Katongo B. Moonga

Katongo Bwalya Moonga

Katongo Bwalya Moonga is a Physical Education and Sport lecturer at the University of Zambia. She has been a member of the Physical Education Unit of the University since December 2014. Katongo holds a Bachelor’s degree in Physical Education and Sport from the International School of Physical Education and Sport in Havana Cuba and Masters of Arts in Sport Management from London Metropolitan University.
Katongo is currently pursuing her doctoral studies in Sport for Development with the University of Zambia and Zimbabwe Open University. She has over 10 years work experience in Sport and Physical Education and has previously worked as a Sport Development officer for the Ministry of Sport Youth and Child Development.
Katongo’s research interests lie in the area of sport and physical exercise interventions. She has collaborated actively with researchers in sport and nutrition, music and sport, Physical Education for the physically among others.
Apart from being the chairperson of the University of Zambia, School of Education Sports Committee, she is an active member of the Physical Education and Sports Teachers Association of Zambia and is the current matron for Lusaka Sharks Swimming Club.

co-author: Mirriam Nanyinza

Co-author: Collins Kaluba

 

An investigation into the effects of premier skills programme in Zambia

Premier Skill’ is an international partnership between the British Council and the Premier League. The programme uses football to supposedly develop a brighter future for young people around the world.Premier Skills provides opportunities for coaches, referees and players to become better integrated into their local communities, to develop their skills for employability and raise their self-esteem. Premier Skills currently runs in 29 countries across Asia, Africa and the Americas.
According to the Premier Skills, a key element of their project is a three-phase development programme for local community-level coaches and referees, which are said to be delivered by professional coaches from the Premier League clubs. This is aimed at building local capacity and leaving a sustainable legacy in participating countries through training Premier Skills Coach Educators from partner organisations.
In Zambia, premier skills are targeting a 50/50 gender balance in their community coach and referee training.The National Organisation for Women in Sport Physical Activity and Recreation (NOWSPAR) is a non-governmental organization that works to promote the equitable engagement of women in sport, physical activity and recreation in Zambia. Working with Premier Skills, NOWSPAR engages the interest in Football of many Zambians allegedly develop leadership skills in young people and engage their local communities through sport training.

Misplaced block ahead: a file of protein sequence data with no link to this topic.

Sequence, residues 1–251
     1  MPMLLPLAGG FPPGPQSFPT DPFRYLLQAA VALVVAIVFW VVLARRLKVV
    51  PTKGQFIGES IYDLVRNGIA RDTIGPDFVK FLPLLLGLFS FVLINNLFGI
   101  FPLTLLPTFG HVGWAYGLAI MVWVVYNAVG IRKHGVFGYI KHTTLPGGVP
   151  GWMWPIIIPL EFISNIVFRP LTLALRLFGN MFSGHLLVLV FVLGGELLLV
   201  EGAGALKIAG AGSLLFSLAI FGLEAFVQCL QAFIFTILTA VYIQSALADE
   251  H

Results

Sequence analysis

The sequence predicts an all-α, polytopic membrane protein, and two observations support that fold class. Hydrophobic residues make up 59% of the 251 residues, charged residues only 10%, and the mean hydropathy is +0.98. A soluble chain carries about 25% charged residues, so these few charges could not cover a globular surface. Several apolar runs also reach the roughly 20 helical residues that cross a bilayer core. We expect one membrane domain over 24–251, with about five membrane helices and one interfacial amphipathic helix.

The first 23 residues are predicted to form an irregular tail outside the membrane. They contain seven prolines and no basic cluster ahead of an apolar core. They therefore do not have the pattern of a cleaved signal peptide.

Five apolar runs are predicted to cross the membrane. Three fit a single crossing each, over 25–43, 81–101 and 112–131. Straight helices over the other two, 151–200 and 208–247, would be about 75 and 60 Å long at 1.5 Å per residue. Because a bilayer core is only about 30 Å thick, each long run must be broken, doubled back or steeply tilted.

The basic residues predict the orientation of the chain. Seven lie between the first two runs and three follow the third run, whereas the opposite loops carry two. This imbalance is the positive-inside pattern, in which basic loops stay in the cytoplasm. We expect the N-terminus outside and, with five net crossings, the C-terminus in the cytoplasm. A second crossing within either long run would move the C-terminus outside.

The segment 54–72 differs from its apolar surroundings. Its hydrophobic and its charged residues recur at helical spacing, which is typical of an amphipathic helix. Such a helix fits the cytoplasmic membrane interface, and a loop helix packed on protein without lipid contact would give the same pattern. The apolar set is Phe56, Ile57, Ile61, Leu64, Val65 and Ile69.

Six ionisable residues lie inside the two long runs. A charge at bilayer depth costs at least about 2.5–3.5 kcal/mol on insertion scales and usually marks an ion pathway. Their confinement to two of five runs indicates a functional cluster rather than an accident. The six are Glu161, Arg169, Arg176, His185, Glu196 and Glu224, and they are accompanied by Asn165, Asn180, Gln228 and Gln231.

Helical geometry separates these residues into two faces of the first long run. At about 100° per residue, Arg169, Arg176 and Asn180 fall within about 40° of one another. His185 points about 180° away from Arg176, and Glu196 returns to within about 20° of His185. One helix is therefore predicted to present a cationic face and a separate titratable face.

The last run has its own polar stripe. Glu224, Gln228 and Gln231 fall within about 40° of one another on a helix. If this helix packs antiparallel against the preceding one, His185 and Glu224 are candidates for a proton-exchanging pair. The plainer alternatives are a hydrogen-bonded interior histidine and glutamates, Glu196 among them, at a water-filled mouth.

Since 2014, they have trained 80+ coaches and referees who are to cascade leadership training and fair play practices in sport to hundreds more community-based trainers.
Through interviews of 40 participants of this program, the study reviewed the impact of the Premier Skills programme on their livelihood. The findings of the study are important given that the program does not have an evaluation plan.

co-author: Mirriam Nanyinza

 

Grade 8 Physical Education Learner’s Book Review: Beyond Physical Education and Sport?

This paper is a book review of the Junior Secondary Physical Education Course for Zambia Learners Book Grade 8, a key reading resource of Physical Education for Junior Secondary schools in Zambia. The review sets out to establish the learner friendliness of the book vis-à-vis learner focused outcomes, interactivity and overview structuring statements addressing the learners.
The study revealed that the book is the first of its kind for the Junior Secondary Physical Education school course.
The content to a large extent, confirms adherence to the syllabus in terms of scope and sequence. Generally, the book utilises appropriate models, illustrations and takes into account both male and female users.
It was observed however, that the book exhibited a few limitations in that it lacked overview structuring statements that introduce the learners to the units. In addition, objectives addressing each unit were not explicit in the majority of the units but rather, were implied learning objectives.
It was noted furthermore that the book lacked ‘pupil focused’ style of writing and appropriate learning activities. Thus, in terms of interactivity, there was little or none at all.
Lastly, the review appraises the books’ content and its adherence to the syllabus, although the processes of acquisition of knowledge, skills, values and attitudes that primarily are unique to Physical Education and those that attempt to go beyond Physical Education as an academic course need strengthening.
The review concluded that the Junior Secondary Physical Education Course for Zambia Learners Book Grade 8 is an essential Physical Education resource that requires critical evaluation and revision.There is need to make the book more user friendly and interactive to permit it go beyond classroom Physical Education and Sport by promoting entrepreneurship and values in the enhancement of quality curriculum implementation and realisation of Vision 2030.

Co-author: Collins Kaluba

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